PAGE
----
Well it looks like we’ll once again hear Rosemary ask “What have you done to his eyes?” as NBC has ordered a four-hour miniseries of ‘Rosemary’s Baby’ from Lionsgate TV! While we knew they were discussing it back in July, this is the first official word we’ve heard on it since then. No word if ‘Tommyknockers’ has also been fully greenlit from the same previous announcement.
The 1967 classic horror novel by Ira Levin was released and is one of the classic horror films of 1968. The film that has held its quality over the years even with the outdated material is one ripe for remaking. Production of the series will begin in January and will occur in Paris. Directing the film is Agnieszka Holland (‘The Killing’, ‘The Wire’) based on a script by Scott Abbott (‘Queen of the Damned’, ‘Introducing Dorothy Dandridge’) and James Wong (‘American Horror Story’, ‘Final Destination’). While my initial concern on the miniseries still stands (due to Abbott helping pen the feature) I feel greatly relieved with Wong now attached with how much I’ve enjoyed his work over the years.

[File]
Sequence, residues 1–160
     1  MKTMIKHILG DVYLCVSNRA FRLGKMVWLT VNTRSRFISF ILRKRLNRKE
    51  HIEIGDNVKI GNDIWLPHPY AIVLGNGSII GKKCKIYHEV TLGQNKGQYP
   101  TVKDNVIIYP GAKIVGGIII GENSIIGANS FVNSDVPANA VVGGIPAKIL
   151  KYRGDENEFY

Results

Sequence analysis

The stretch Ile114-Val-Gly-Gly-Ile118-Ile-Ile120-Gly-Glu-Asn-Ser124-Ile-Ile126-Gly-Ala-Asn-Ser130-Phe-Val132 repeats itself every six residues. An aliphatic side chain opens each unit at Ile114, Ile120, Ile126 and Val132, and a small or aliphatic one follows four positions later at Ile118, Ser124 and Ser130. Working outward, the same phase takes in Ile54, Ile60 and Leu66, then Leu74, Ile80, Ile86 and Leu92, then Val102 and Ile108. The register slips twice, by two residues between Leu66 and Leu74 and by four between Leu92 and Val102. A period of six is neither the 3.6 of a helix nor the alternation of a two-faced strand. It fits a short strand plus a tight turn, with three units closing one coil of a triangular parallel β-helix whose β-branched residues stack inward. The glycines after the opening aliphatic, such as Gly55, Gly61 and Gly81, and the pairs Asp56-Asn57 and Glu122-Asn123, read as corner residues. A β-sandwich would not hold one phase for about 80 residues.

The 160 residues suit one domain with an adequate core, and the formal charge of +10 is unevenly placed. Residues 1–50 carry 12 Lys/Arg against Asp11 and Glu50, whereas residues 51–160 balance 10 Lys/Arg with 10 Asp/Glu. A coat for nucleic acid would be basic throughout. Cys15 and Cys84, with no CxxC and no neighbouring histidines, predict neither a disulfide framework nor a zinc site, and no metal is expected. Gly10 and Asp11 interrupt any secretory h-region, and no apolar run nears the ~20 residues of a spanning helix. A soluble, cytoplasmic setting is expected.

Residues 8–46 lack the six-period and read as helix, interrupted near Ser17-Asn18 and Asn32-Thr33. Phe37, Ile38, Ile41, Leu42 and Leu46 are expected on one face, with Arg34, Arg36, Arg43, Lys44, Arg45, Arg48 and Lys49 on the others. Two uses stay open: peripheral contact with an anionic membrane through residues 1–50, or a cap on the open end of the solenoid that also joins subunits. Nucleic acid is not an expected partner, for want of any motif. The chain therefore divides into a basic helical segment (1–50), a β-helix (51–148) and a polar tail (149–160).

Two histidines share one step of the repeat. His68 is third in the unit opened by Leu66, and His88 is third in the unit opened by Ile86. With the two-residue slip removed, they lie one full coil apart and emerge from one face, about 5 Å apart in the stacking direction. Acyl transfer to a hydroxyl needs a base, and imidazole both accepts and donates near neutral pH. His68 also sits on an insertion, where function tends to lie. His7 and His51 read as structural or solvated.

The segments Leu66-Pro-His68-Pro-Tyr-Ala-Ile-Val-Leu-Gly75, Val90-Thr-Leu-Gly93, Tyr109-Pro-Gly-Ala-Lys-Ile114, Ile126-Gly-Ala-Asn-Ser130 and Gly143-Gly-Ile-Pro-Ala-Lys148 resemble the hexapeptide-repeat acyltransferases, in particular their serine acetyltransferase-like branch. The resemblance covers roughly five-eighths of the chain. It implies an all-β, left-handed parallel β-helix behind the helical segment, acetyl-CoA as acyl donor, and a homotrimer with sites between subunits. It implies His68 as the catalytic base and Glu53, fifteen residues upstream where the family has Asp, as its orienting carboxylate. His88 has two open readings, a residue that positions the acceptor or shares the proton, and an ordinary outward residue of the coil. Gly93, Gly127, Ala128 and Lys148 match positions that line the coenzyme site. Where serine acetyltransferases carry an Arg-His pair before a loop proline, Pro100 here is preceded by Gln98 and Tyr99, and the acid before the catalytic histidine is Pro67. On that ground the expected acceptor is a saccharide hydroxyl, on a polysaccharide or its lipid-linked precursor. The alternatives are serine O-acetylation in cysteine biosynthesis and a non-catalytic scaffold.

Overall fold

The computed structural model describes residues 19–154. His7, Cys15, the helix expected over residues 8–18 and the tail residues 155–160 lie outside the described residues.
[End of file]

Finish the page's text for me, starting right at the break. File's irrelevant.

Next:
Here’s a synopsis in case you’re not familiar with the story:
Rosemary Woodhouse and her struggling actor–husband, Guy, move into the Bramford, an old New York City apartment building with an ominous reputation and only elderly residents. Neighbours Roman and Minnie Castavet soon come nosing around to welcome them; despite Rosemary’s reservations about their eccentricity and the weird noises that she keeps hearing, her husband starts spending time with them. Shortly after Guy lands a plum Broadway role, Rosemary becomes pregnant, and the Castavets start taking a special interest in her welfare; as the sickened Rosemary becomes increasingly isolated, she begins to suspect that the Castavets’ circle is not what it seems.
According to Quinn Taylor, NBC’s executive Vice President, “Ira Levin’s mesmerizing book was a groundbreaking reflection on how effective and influential a psychological thriller could be. We’re looking forward to adapting his incredible work and bringing those indelible characters to a new generation of viewers.”
I’m really torn on this. I hate remakes with a passion. I feel Hollywood has been overdoing them to death as of late. However, with a film released in 1968 where much of it really feels dated, unless you aren’t a horror aficionado, I can see an argument for this one.
What do you think, folks? Is a modern day retelling of this classic a good idea? What are your thoughts?
Source: The Hollywood Reporter